I get this question all the time. A person finds a bottle of wine stashed in a back attic corner or in the basement. It's from 1950 or some earlier year. They are curious to try the wine - but want to know if it will poison them or something.
The simple answer is DRINK IT. People have bottles of wine that have been saved since the 1920s or even before that, that they treasure and drink on special occasions. Wine is an alcohol. The alcohol keeps bacteria and other nasty things from growing in it. You are generally safe in drinking it.
A separate question is will you ENJOY drinking the wine. Only certain wines were meant to age. Most wines are NOT meant to age. If you have a "touristy bottle" like a Chianti-in-a-basket or a Portuguese-wine-in-a-basket, those were never sold because they were tasty in the first place. They were sold as decorations, really. White Zinfandels were meant to be drunk immediately, not even aged for more than a year. There is a gigantic percentage of wine bottles that go old in a year or two, never mind decades.
Even for wines that were meant to age - say fine Burgundies or Bordeaux wine - they only age well when stored properly. They need to be at an even, cool temperature. They need to be on their side, so the cork doesn't dry out and let in air. They need to be kept away from sunlight. You could have the most perfect bottle of wine for aging and still have it taste awful because of bad storage conditions.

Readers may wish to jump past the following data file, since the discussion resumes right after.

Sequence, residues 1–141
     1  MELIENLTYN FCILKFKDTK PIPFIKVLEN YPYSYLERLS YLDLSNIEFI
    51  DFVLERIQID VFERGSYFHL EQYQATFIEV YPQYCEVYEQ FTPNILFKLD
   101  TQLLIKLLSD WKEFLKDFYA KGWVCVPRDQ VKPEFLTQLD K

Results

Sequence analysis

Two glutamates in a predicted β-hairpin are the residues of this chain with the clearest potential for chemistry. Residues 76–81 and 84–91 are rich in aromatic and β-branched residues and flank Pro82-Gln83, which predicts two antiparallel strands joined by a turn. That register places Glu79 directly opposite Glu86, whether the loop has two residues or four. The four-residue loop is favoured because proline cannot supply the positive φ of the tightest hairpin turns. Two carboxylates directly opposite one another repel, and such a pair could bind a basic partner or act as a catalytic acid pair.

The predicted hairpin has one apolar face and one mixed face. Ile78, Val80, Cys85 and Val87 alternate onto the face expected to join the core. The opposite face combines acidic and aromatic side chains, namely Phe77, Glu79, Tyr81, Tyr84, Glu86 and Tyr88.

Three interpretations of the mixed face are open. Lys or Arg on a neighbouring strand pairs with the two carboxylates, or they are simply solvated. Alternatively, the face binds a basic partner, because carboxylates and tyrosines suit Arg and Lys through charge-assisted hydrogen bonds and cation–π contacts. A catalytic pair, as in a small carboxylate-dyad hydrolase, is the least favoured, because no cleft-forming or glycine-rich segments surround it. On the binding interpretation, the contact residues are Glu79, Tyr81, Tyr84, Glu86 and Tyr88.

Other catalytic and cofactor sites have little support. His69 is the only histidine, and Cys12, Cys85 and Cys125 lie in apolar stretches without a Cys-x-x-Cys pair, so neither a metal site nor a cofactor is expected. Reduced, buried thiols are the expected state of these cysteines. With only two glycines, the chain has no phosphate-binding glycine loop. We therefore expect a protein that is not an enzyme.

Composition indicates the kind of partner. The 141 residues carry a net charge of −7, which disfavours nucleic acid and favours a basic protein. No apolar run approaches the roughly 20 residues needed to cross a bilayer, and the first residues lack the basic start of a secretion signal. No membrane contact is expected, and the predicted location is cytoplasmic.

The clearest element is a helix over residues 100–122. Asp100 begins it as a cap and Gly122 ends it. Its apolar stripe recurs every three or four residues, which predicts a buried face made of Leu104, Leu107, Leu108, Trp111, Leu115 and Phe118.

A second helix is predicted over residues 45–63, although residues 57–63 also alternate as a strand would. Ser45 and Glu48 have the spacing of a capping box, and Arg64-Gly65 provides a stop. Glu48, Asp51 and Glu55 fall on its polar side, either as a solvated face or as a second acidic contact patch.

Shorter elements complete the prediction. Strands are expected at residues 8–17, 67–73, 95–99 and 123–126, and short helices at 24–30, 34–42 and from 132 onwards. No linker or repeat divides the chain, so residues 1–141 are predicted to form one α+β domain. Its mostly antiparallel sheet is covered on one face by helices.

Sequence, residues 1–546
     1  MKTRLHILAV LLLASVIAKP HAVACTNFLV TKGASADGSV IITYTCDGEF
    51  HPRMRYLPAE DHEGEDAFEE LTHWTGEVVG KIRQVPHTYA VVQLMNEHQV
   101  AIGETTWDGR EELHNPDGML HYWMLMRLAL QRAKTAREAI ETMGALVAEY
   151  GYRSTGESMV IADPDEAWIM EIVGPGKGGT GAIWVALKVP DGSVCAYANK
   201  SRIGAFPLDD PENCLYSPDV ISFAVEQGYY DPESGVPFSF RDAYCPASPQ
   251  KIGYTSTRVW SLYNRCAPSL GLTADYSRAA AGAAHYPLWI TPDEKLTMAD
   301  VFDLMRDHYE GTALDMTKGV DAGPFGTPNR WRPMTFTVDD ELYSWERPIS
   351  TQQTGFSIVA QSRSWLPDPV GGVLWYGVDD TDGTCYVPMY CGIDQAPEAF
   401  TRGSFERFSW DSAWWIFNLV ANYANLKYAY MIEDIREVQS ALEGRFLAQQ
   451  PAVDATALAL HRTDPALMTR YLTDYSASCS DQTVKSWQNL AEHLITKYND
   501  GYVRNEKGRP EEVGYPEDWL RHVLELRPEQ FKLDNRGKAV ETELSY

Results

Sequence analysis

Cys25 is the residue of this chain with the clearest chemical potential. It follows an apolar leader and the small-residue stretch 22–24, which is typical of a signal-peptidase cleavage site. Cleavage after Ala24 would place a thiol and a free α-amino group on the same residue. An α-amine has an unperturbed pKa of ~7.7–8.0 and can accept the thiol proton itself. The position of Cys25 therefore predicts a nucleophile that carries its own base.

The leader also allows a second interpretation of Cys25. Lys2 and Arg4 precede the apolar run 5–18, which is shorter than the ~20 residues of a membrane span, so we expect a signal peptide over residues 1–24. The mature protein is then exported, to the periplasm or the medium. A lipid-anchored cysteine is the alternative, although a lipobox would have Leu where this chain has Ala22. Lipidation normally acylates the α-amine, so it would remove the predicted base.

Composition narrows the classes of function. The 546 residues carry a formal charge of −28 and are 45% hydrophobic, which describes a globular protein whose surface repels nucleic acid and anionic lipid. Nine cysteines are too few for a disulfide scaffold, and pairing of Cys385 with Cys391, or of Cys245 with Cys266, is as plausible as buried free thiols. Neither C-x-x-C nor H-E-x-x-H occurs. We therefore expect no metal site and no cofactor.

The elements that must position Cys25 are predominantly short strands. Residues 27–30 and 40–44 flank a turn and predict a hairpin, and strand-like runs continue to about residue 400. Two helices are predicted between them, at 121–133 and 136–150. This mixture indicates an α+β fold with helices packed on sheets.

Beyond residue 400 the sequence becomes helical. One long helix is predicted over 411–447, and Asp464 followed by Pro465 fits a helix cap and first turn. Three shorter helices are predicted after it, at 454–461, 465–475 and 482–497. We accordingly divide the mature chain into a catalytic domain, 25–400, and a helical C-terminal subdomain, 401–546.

Still, even if the wine was ruined, it won't kill you. It'll just taste like vinegar.
If the wine is still good, it probably needs to be decanted. Keep reading below to make sure you study up on decanting, so you give your wine a best chance at tasting good.
Anyway, to summarize, I say - open the bottle! Have a fun party and see what you get. Even if it's not tasty, it's still an adventure to taste a wine from that era.
To cover all your bases, I recommend having some sangria mixers on hand. That way if the wine isn't great on its own, you can add in some fruit and tasty alcohol like Grand Marnier. Suddenly that not-so-great wine might be fairly nice!
What Is My Old Bottle of Wine Worth?
On a related note, people often ask, "what is this old bottle of wine worth?"
The only thing a wine is worth is what someone will pay for it. Few people will pay for an old bottle that they cannot guarantee has been stored well. It's most likely vinegar.
That being said, when people buy a bottle signed by Thomas Jefferson, they don't care what it tastes like. It's a collector's item. If someone's grandparent was born in 1950 in Italy, and you have a basket-bottle from 1950, they might adore it.
So it all depends if your bottle is a cool collector's item that someone wants, or if it's just an old bottle of vinegar that people are not interested. Searching on ebay and other similar sites can often give you a ballpark of what to expect. If it's something truly special, talk to one of the many wine auction houses on the web to get a quote. But you'll need to be able to offer some proof that the wine was stored properly, in order to get a good price.
Remember, before you open that old bottle, make sure you read:
Decanting a Bottle of Wine
How Much is my Old Wine Bottle Worth?
Wine Basics Main Page
All content on the WineIntro website is personally written by author and wine enthusiast Lisa Shea. WineIntro explores the delicious variety and beautiful history which makes up our world of wine! Lisa loves supporting local wineries and encouraging people to drink whatever they like. We all have different taste buds, and that makes our world wonderful. Always drink responsibly.